Wednesday, December 7, 2011

Let's Talk Cold Calling

Let’s talk sales cold calls for a little bit……

Sales managers have been beating the concept of business development achieved through cold calls into sales professionals for decades. When I first started in sales at AT&T in the 1980’s, I had to go through a “role play” scenario where I made the initial appointment, sat with the client and fact found, then developed and presented a solution based program. My skills were “assessed” by a team of sales managers and trainers and I was hired because I followed what was considered proper process. I was practicing “Sales 101”.

When I was in my 20’s and starting out, this was overwhelming and I was brainwashed by the managers that this was the time proven method towards success in sales. After years of mediocre results following the classroom methods taught by sales managers, I learned cold calling is really a waste of precious time which a salesperson could better spend closing leads, not trying to generate them at a clip of less than 2% per attempt (and if you’re seeing 2% success rate on your cold calling, congratulations! You’re doing GREAT!)

Problem here is today’s companies typically have two types of executives:

The first type is people who have large capital to invest and fund the start-up of the organization. This is the true wildcard. Many of these people come from financial backgrounds, and feel the best way to run a profitable company is to watch every dollar and purchase the lowest priced product or commodity on the market. In the short term, this approach may save money, but the lowest price isn’t always the best option. In addition, most of the companies run by those with financial backgrounds look to buy low, and then sell their own product high. This inconsistent approach will in the long run, most likely cause the business model to fail.

The second type of executive is those that have worked their way up the corporate ladders, either through operations or sales. These are the most difficult folks to cold call. They’ve been through the ringer, know the “ropes”, and have used all the “tricks of the sales trade” that get taught to up and coming sales personnel.

Problem is this type of executive often manages today’s sales people, and employs yesterday’s sales management statistics (number of cold calls x close ratio = number of sales). This just doesn’t work. If you have a 2% success rate of presenting a proposal via cold calls, neither you nor the company will ever make any significant revenue. Think of the major league baseball player….if he had 2 hits per 100 at-bats, he’d have a 0.020 batting average and would be out of baseball within weeks. Why sales managers keep pushing the cold calling technique with results like this is puzzling?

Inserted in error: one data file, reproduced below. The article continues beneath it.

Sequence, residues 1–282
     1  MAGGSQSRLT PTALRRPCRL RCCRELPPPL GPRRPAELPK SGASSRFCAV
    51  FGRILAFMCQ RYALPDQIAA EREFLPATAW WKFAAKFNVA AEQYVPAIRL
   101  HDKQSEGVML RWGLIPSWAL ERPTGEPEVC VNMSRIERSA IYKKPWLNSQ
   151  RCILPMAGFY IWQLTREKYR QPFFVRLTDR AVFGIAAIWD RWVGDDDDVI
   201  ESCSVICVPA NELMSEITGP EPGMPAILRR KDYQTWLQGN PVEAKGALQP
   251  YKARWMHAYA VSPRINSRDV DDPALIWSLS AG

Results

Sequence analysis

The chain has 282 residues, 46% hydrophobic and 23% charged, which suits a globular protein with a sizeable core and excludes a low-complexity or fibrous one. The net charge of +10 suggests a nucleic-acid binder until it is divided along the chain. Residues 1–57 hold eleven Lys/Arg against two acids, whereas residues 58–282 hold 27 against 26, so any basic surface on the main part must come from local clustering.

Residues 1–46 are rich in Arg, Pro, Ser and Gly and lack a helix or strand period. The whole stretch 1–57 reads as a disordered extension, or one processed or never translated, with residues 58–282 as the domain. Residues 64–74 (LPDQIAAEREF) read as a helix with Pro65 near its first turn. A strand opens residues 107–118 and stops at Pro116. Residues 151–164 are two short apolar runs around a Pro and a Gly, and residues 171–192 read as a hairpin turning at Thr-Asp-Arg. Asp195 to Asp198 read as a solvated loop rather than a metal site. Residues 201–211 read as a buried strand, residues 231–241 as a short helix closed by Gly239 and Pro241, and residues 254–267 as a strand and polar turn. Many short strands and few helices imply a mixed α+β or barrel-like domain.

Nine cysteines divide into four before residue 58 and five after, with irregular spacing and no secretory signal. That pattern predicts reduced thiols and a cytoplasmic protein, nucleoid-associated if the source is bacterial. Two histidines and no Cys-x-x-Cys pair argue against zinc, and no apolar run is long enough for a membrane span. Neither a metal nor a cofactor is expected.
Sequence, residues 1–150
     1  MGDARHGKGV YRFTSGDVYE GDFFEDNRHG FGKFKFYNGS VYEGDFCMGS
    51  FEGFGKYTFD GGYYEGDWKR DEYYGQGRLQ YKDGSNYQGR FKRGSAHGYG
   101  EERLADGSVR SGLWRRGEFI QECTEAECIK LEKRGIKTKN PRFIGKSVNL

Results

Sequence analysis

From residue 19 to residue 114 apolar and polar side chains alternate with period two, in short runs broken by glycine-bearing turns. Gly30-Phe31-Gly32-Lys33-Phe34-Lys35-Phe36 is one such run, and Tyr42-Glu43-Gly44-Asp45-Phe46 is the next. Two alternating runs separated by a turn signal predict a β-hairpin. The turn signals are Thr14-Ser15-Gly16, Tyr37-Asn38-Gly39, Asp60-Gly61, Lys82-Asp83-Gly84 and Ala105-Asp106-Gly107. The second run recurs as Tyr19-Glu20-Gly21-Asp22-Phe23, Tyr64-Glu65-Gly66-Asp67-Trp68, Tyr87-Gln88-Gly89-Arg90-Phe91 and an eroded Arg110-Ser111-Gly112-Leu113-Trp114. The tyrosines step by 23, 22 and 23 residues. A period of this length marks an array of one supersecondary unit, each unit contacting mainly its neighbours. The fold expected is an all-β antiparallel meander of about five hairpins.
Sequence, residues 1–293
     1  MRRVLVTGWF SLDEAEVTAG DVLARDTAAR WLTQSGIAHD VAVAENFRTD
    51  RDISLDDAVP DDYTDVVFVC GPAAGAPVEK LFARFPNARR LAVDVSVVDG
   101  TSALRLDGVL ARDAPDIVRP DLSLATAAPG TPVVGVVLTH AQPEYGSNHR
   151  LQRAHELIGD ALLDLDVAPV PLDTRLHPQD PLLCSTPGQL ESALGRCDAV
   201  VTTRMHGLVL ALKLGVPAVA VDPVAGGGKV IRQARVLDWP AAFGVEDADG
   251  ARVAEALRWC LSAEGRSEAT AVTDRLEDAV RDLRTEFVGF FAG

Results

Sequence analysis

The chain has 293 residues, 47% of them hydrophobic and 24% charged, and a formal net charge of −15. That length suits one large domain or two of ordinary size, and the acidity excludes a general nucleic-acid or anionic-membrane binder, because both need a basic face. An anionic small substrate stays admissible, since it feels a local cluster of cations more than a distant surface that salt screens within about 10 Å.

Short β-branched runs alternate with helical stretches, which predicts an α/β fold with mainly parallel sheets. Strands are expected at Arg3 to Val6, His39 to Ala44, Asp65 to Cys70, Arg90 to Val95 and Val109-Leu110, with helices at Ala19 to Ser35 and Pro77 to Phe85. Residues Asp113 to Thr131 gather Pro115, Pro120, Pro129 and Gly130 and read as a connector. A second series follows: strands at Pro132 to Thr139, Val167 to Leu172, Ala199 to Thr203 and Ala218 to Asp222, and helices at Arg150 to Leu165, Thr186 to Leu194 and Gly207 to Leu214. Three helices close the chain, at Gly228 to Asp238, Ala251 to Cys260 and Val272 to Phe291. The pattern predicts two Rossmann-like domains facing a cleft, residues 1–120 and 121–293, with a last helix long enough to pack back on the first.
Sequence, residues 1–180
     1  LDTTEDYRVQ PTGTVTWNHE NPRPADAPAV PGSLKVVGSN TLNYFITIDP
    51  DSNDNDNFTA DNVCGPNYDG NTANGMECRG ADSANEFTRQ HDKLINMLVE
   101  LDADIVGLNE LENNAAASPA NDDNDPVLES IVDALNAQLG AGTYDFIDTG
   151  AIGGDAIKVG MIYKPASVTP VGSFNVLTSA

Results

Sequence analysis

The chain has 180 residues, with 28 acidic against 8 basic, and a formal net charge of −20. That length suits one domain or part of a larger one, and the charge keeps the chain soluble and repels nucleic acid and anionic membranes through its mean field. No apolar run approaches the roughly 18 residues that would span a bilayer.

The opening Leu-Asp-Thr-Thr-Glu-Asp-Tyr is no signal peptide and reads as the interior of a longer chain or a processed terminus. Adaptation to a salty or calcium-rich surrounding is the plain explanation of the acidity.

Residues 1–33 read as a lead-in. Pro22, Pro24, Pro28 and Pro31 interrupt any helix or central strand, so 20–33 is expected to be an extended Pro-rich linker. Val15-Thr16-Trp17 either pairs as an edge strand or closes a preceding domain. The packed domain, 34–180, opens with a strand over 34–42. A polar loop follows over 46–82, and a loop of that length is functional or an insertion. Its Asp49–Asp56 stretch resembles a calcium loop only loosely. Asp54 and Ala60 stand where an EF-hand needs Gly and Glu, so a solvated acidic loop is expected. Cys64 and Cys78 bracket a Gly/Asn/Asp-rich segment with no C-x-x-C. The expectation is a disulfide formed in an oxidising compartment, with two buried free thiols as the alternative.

So how do we develop new business leads, contact the appropriate decision maker, and close the sale?

Today’s intelligence explosion through the internet and other social channels is the wave of the future. Every show I watch on TV is trying to get their message (product) to “trend on Twitter” or be “liked on Facebook”. Many of us have fought the evolution of social media’s usefulness, but we need to accept the fact that it’s here to stay. Next time you’re sitting at home, watching your favorite show, pay attention to the “pop-ups” on the screen, telling you how to “follow” your favorite actor, or “like” your favorite product.

If social media is working for the most successful shows aired today, why can’t it be successful for your product and brand? It most certainly can.

Let’s look at a quick scenario…..last time you were interested in purchasing a new product, whether it be a TV, a car, a plane ticket, or almost any other commodity, how did you buy it? Did you run down to the closest store and buy the first one you saw? Maybe….but most likely you researched it on the internet and compared your options. This is what we need to accomplish for ourselves in our professional career.

If you are in sales (or looking to get into sales), sign up for Twitter. Start following a few people within your industry and before long you’ll begin to build a list of “followers”. As your list builds, you will see your name start to appear more prominently within the various internet search engines, creating a presence for yourself. If you work this over time, you will begin to see prospects contacting you, looking to buy your product. Most decision makers today will search on the internet for a supplier, and the more prominent you name is in the search results, the better your chances of being contacted.

I have written several previous posts about additional methods to assist on developing brands and increasing your search results. Check out “Can Twitter Really Do That for Me”, posted on 5/11/2011 and “Social Power by Use of Personal Sites” posted on 10/26/2010 for some more specific info on building a personal brand.

I’d enjoy hearing any suggestions you may have to help build a brand and drive customers to your sites. The more input we are get, the quicker we’ll develop new sales techniques to succeed in today’s information age.